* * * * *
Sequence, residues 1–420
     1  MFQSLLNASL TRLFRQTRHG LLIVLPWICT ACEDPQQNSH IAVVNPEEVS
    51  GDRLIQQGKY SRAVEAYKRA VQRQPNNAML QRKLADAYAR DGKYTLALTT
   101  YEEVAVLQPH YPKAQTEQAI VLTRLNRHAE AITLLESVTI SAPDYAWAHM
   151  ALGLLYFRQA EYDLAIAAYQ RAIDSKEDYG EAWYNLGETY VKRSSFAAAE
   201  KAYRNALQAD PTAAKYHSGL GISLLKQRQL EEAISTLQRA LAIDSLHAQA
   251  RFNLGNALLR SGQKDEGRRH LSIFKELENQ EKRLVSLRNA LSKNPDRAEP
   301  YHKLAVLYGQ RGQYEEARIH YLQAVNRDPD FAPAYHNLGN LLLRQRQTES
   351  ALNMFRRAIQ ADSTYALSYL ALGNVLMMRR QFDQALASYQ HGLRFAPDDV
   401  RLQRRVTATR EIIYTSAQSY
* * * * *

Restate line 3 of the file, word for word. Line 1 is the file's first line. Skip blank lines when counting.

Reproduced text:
    51  GDRLIQQGKY SRAVEAYKRA VQRQPNNAML QRKLADAYAR DGKYTLALTT